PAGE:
static NSMutableDictionary *dict;
    + (UIImage*)loadImage:(NSString*)imageName
    	if (!dict) dict = [[NSMutableDictionary dictionary] retain];
    	UIImage* image = [dict objectForKey:imageName];
    	if (!image)
    		NSString* imagePath = [[NSBundle mainBundle] pathForResource:imageName ofType:nil];	
    		image = [UIImage imageWithContentsOfFile:imagePath];
    		if (image)
    			[dict setObject:image forKey:imageName];
    	return image;
    + (void)releaseCache {
    	if (dict) {
    		[dict removeAllObjects];
  5. chown33 macrumors 604

    Aug 9, 2009
    Sailing beyond the sunset
    What does it mean to assign something? To change it.
    What is being assigned to the brick view's frame? A changed rectangle.
    So the code in 3-5 is changing the brick view's frame, using a temporary rectangle variable for the calculation.

    Why is it changing the brick view's frame? Look at the calculation.
    Walk through the calculation manually with a few values of x and y.
    After the whole loop has run, what is the geometric layout of all brick view frames?

    The book has a website:

    That website has a forum. I suggest asking your questions about the book there. I don't have the book, so I can't tell you how to make the code work.

    The website also has an Errata section that lists errors in the book.
  6. dejo Moderator


    Staff Member

    Sep 2, 2004
    The Centennial State
    If you don't know how to create a new class in Xcode, you're in over your head at this point. Step away from the real coding and go (re)learn the basics of Objective-C programming.
  7. NorthKyut thread starter macrumors newbie

    Aug 20, 2010
    So Newframe is an object and works like variable this case? First, bracks[x][y].frame's info is copied to Newframe and after Newframe's origin information is updated, all info is copied back to bracks[x][y].frame. If that is true, why can't just directly update bracks[x][y] location?
  8. chown33 macrumors 604

    Aug 9, 2009
    Sailing beyond the sunset
    First, the newFrame variable is NOT an object. It's a CGRect, which is not an object.

    Second, try rewriting the code without a temporary variable. See what it looks like. Is it clear what the code is doing?

    Third, you've mistakenly called the array bracks, instead of bricks, and the temp variable Newframe instead of newFrame. Ordinarily I wouldn't bother correcting anyone's spelling or capitalization, but precision and clarity are crucial in programming, and Objective-C is case-sensitive.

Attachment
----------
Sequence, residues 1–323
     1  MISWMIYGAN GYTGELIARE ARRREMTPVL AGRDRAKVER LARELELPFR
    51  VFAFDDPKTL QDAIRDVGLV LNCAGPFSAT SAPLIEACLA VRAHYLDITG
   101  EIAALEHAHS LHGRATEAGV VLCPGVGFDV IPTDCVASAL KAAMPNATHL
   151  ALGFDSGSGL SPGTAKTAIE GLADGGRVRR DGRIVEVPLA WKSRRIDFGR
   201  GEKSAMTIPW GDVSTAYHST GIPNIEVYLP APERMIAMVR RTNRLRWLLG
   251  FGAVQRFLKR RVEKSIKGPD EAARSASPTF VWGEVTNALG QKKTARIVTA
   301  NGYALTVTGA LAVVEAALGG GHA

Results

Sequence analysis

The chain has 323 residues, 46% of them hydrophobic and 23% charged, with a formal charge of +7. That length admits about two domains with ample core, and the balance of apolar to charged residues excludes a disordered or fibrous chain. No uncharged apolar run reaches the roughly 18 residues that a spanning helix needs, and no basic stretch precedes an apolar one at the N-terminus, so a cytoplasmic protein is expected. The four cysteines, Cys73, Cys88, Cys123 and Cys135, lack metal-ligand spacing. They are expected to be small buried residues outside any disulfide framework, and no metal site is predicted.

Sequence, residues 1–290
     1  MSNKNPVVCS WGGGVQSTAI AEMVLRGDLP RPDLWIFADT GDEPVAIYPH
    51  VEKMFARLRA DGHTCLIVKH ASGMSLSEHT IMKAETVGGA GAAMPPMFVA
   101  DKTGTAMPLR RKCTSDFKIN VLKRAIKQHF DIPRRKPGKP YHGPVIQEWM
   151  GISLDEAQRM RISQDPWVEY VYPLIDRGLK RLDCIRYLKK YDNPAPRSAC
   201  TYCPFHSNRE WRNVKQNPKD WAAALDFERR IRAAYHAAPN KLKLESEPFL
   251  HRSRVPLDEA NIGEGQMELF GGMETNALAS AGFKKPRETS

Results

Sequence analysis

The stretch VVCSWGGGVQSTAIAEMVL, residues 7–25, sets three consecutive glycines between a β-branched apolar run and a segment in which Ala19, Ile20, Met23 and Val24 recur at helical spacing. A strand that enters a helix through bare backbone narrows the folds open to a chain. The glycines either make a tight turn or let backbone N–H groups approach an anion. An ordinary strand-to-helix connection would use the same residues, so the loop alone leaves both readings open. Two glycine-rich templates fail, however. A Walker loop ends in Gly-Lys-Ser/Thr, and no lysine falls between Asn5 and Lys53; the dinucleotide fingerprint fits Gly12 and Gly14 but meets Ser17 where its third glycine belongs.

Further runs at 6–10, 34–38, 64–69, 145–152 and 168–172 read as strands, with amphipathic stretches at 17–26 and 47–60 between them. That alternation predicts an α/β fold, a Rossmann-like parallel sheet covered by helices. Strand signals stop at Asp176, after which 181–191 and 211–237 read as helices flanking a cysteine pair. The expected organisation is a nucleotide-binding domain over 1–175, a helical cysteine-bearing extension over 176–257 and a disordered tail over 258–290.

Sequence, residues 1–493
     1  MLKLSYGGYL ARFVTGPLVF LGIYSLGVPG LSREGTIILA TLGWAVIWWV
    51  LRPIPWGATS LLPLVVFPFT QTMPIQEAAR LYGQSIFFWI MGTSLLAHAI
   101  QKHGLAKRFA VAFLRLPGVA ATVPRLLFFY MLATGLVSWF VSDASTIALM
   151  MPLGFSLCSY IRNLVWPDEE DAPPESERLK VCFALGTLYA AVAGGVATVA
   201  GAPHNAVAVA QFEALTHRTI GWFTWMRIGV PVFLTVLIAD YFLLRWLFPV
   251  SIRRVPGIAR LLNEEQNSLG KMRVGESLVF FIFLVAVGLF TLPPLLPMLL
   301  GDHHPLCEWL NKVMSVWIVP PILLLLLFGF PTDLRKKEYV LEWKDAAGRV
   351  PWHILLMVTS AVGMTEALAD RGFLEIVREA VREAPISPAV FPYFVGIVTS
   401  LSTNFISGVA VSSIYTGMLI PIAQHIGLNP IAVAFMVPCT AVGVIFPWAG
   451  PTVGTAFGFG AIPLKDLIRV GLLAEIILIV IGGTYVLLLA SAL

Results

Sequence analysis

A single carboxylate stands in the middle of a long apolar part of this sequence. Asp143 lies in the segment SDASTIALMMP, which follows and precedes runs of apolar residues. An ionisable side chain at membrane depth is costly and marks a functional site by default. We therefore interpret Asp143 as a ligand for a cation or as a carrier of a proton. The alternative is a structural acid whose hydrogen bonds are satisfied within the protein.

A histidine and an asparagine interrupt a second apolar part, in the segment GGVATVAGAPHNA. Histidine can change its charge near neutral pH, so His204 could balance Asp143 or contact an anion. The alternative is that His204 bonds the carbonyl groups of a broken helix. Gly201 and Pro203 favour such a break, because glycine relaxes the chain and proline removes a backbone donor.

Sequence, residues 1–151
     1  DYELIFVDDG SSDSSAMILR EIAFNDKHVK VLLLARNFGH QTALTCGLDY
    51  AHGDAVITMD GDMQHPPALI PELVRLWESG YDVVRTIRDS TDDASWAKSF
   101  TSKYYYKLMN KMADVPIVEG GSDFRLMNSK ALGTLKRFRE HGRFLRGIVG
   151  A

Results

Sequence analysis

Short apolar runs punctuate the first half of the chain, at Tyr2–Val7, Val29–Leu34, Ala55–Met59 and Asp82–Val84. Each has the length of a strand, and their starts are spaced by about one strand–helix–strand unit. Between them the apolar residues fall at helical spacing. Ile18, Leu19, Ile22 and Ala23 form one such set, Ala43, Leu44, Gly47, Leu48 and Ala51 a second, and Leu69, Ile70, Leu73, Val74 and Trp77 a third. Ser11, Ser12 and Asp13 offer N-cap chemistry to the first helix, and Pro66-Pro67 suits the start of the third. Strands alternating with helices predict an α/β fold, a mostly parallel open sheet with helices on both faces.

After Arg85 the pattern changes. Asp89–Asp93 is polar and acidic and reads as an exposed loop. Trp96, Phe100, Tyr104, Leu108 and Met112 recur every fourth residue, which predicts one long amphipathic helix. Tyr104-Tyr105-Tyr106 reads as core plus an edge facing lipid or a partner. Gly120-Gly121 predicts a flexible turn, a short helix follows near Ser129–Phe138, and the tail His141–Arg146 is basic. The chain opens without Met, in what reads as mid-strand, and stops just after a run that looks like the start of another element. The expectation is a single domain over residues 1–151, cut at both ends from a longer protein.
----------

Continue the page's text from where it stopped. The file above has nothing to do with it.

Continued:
9. NorthKyut thread starter macrumors newbie

    Aug 20, 2010
    Thanks for your corrections. But newFrame is not an object of class CGRect? I just want to clarify it. And where can I find all the info regarding CGRect like what is it, how is used, its method or syntax, etc? Any good Objective-C programming book you recommend? Because I found it is difficult to distinguish which is which in a code. For instance, in
    UIImage *image = [ImageCache loadImage:brickTypes[count++ % 4]]
    Is loadImage a class method of ImageCache? Will the whole thing return an object of class ImageCache? Then it is assigned to a pointer named image of class UIImage? Are these the correct names and types for all of them? The book I am reading doesn't explain what is what... Thanks for all your replies. :)
  10. lloyddean macrumors 6502a

    May 10, 2009
    Des Moines, WA

    Many of your questions can be self answered once you learn a little about navigating your code.

    Locate 'CGRect' and while holding the Command key double-click it. You should be presented with a pop-up menu with the choice of 'strcut CGRect' or 'typedef CGRect'. Select the first one and you will be taken to the definition of CGRect where you'll find that it's a structure!

    Next try holding down the Command key and double-click 'ImageCache' and you'll be taken to the implementation of the class since its code supplied within your project.

    Command double-click 'loadImage' and you'll be taken to the implementation of 'ImageCache' where you'll discover it is a Class method.

    Quick documentation of these things can usually be found by Option double-clicking them. While more complete documentation can be had with the use of Control double-clicking.
  11. chown33 macrumors 604

    Aug 9, 2009
    Sailing beyond the sunset
    Apple has a lot of documents that cover fundamentals.

    I don't always find what I want using Apple's documentation search. I frequently use google with selected keywords and the site-qualifier.

    For example, some keywords to use as search terms:

    Getting Started - the entry point page to both overview and detail information.

    Introduction or Fundamentals or Primer - when you want introductory docs or info about the fundamentals of a language, framework, or technology.

    Guide - when you want the user guide or explanation.

    Reference - when you want a specific class reference, as distinct from any associated Guide. For example, searching for NSString Reference finds the class reference, and on that page is a link to the String Programming Guide and the Property List Programming Guide.

    iPhone - to get iOS-specific class references, guides, etc. as distinct from Mac versions. In general, most Foundation classes are identical, or nearly so. Most other frameworks can have varying overlap, from none to lots.

    The "site qualifier" tells google to only return results from a particular website (hostname or domain). I usually use:
    You enter that as another search term.

    Examples of useful searches:
    language guide iphone
    foundation reference iphone
    core graphics iphone framework
    The CG type-names all belong to the Core Graphics framework. So the last example above will show results for Core Graphics Framework Reference, which leads to a bunch of class docs, and a link to the CGGeometry reference, where CGRect and a lot of other types are documented. The search results also show a Getting Started document for all the iOS graphics technologies, and discusses why you'd use each one.

    Cocoa Fundamentals Guide

    Objective-C Programming Language